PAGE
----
Often, key moments in our lives are only recognized as such in reflection. This is no different when we're talking about great television. My own TV-viewing years only began in the '80s (and were interrupted by a couple years overseas, where television basically sucks, USA, USA, USA!!) but with access to old shows and old TV-schedules I can judge what would have been ideal seasons for prime time lineups. Here are my top candidates:
1) 1972--shows like "All in the Family", "MASH", "Odd Couple" and "Mary Tyler Moore" were all at their peak. These were the years of the classic sitcom, multi-camera, laugh track, setup-joke-repeat, all the key elements that lasted well into the '90s (and still exist on some shows today). Mid-Nixon era was a golden age for television.
2) 1977--this was a turning point year, the "jiggle year" for television, where "Charlies Angels" and "Threes Company" got their start, and blond, big breasted women were all the rage and network standards were challenged. Of course, the actual shows were low-quality at the time. "Threes Company" (which I admit to LOVING as a kid when it was in syndication) was one long gag of someone eavesdropping and misunderstanding what they hear. "All in the Family" was rapidly going downhill and taking the funny with it. "Mary Tyler Moore" finished up, and "Good Times" was one long "Dy-no-mite!" joke. It would be another year to wait for "Taxi", and while "Welcome Back Kotter" was on the air, it was distinctly lacking Vinnie Barbarino because Travolta was a movie star by then.
3) 1989--this was another turning point year. The new "Fox" network was in its third season, and by this time had a lot more shows (as it was broadcasting original content on more nights). Fox was great--as the number four network, they could take more risks, and "Married With Children"--one of those risks--was hitting its stride. An adult cartoon show called "The Simpsons" premeired that season, and is still on the air today. "21 Jump Street" was at its high point, and featured a then-unknown Johnny Depp. "Cheers" was showing signs of decline, though, and "Mr. Belvedere" and "Growing Pains" proved that ABC had a crappy lineup, though "Roseanne" was still good at this time. The '80s basically sucked for television (unless you like awful soaps), but the end of the decade showed promise for the next one.
4) 1993--this was a solid year. "Simpsons" was hitting its stride, "Conan O'Brien" debuted as the funniest thing on late night, "Seinfeld" was having one of its best seasons, and "Frasier" started out, keeping up the quality of the best years of Cheers. You could also still sometimes see music videos on MTV, which I'd watch at friends' houses since my folks wouldn't get cable.
5) 1995--the '90s were a new golden age of sitcoms! "Seinfeld" was still strong, in fact, strong enough to anchor whatever NBC wanted to put on before or after it on "Must See TV" Thursdays. (Forgettable shows helped by Seinfeld--"The Single Guy", "Union Square", "Fired Up", "Caroline in the City", "Veronica's Closet", that thing Brooke Shields was in). Also, "Drew Carey Show", "Friends" (which had its moments), "Spin City", "Everyone Loves Raymond", "King of the Hill" and "NewsRadio" were all on the air at this time. The "Simpsons" were firmly entrenched on Fox (I'd been afraid it'd be cancelled for low ratings in its early seasons) as well. 1995 was shaped up to be a lot like 1972--a golden year for the classic sitcom. Notice also that a large number of sitcoms were given to standup comedians--Drew Carey, Roseanne Barr, Brett Butler, Jerry Seinfeld, etc. If you had a standup act, ABC had a slot for you!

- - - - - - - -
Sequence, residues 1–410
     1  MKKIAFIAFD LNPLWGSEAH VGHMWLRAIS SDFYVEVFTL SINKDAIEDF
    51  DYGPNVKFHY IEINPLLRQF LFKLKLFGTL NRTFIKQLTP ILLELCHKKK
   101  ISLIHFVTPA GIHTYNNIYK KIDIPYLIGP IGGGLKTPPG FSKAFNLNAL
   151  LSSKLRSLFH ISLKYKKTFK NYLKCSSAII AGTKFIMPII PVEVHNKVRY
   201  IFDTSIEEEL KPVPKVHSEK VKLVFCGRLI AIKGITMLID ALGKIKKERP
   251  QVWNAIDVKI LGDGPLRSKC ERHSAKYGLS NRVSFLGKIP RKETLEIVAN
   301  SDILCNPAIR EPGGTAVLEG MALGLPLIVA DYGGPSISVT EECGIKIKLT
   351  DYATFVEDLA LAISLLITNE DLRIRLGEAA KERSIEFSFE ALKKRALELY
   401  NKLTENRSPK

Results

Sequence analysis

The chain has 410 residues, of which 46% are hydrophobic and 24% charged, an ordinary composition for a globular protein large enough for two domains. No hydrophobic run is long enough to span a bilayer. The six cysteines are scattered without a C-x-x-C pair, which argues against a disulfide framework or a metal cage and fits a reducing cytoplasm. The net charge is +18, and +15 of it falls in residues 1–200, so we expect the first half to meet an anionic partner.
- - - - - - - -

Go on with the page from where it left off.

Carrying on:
6) 1998--by the end of the '90s, cable channels were putting out a lot of their own original content. HBO (which should show movies, but basically is to movies what MTV is to music videos) had "Larry Sanders" and now was debuting "Sopranos", the great mafia drama, and Comedy Central was showing "South Park", the great poorly animated cartoon. While some argue that "Simpsons" was declining, they still had some great episodes at this time, as did fellow Fox cartoons "Family Guy" and "King of the Hill". "Frasier" was still strong, though "Seinfeld" went off the air, as did "NewsRadio". "Drew Carey" was getting experimental by this point, "Married With Children" was allowed to die its slow death, as did "Roseanne" which I wasn't watching by this point because it got too weird. TV was still strong then, but the traditional sitcoms were giving way to single camera fare with no laugh tracks, and cartoon shows were gradually taking over Fox's Sunday lineup.
7) It's hard to pick a single year for the last decade--great shows did come and go ("Arrested Development", "Freaks and Geeks", "LOST") but it's hard to pick a single year that stood out from the rest. While TV arguably got very awesome--and I think this is simply due to the massive competition unheard of in the old days of only three channels--there were also some awful trends that are still with us (mainly I'm thinking of reality television). Nowadays, a laugh track multi-camera sitcom seems quaint (even on top rated shows like "Two and a Half Men"), and great experimental fare of teh semi-mockumentary sort ("Modern Family", "The Office") and quick cuts made popular in "Scrubs" are standard (see, "30 Rock"). But most important is the fact that you can see just about anything online or via DVD, so you aren't stuck with network timetables. This also means you can see every episode of a show, not missing a single one.
8) You'll notice I left out the '50s and '60s--not a knock on those decades, only I haven't seen many of those old shows so it's hard to judge. The '80s generally sucked for television, though we didn't know it at the time so we laughed at "Silver Spoons" and "Diff'rent Strokes" because we didn't know better.